Born in the heady years after the establishment of the state, I grew up believing that Israel was the key to Jewish survival. But I would suggest that preserving Zionism is not the challenge facing Jews today. Rather, our task is to rescue Judaism from an ideology that has hijacked the faith, continues to fuel global conflict, and has produced one of the most systematic and longstanding violations of human rights in the world today. Despite its romantic attachment to the idea of the “new Jew” — a Jew liberated from the powerlessness and humiliation of the ghetto — in reality Zionism has served to keep Jews trapped in an isolationist, exclusivist past. We must challenge a historical narrative that has yoked us to a theology of territoriality and tribal privilege. We must acknowledge how deep is the hole we have dug for ourselves in the pursuit of our national homeland project.

But it is not for the Jews alone to resolve this crisis. Rather, the prospect of Israel spinning rapidly into rogue state status challenges people from all faiths and nationalities to confront sectarian and particularistic strivings wherever they hold the political process hostage. This is not the challenge that being thrown down by Beinart, however. Instead, he is proposing that rather than questioning the legitimacy of Zionism, we shore it up. Beinart never considers the possibility that Zionism itself is a flawed ideology. Instead, he operates on the assumption that if only Zionism could be implemented in its true democratic and liberal spirit, meaningful change could be created and things would work out. “Yes, we have erred, we have strayed,” — so goes the argument – “but because we are heirs to a liberal, humanistic tradition, we can make this work — and our work deserves to be crowned with success.”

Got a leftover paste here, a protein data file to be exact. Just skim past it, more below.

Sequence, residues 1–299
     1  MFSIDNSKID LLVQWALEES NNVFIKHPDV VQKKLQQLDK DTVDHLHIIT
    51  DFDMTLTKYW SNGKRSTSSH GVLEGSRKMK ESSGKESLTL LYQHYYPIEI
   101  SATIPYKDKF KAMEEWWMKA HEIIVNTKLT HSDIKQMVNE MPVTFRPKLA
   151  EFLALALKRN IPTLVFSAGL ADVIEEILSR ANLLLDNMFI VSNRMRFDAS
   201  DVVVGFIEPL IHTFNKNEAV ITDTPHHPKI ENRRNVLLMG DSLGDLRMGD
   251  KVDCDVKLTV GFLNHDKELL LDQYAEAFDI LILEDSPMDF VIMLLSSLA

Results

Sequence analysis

According to Beinart, bad actors have sabotaged the noble enterprise.  The problem, he maintains, lies with overtly racist politicians like Foreign Minister Avigdor Lieberman, who proposes transfer of non-Jews (and who recently pushed through the Knesset the targeting of Israeli human rights organizations for special investigations), and ex-cabinet minister Effi Eitam, who wants Arabs out of Israeli politics. Here we have the classic straw man maneuver – very much like progressive Israeli and non-Israeli Jews blaming the “radical fringe” of the settler movement for Israel’s human rights abuses and the “mistake” of the occupation. But settler depredations, permanent occupation of Palestinian lands, brutal suppression of popular resistance, racial laws governing loyalty and land ownership, and de facto second class citizenship for Arabs in Israel are not accidents or unfortunate deviations from Israel’s democratic agenda. The government of Israel is doing precisely what a Jewish state has to do to maintain its Jewish character. Ethnic cleansing and military control of a subject population (also known as Apartheid) have emerged as the only means to address the threat to Israel’s continued existence as a sovereign Jewish state. The abhorrent concept of the Arab “demographic threat” is embraced in Israel by racist demagogues and centrist politicians alike. The sobering truth is that for Israel the line between racist demagoguery and government policy has all but disappeared.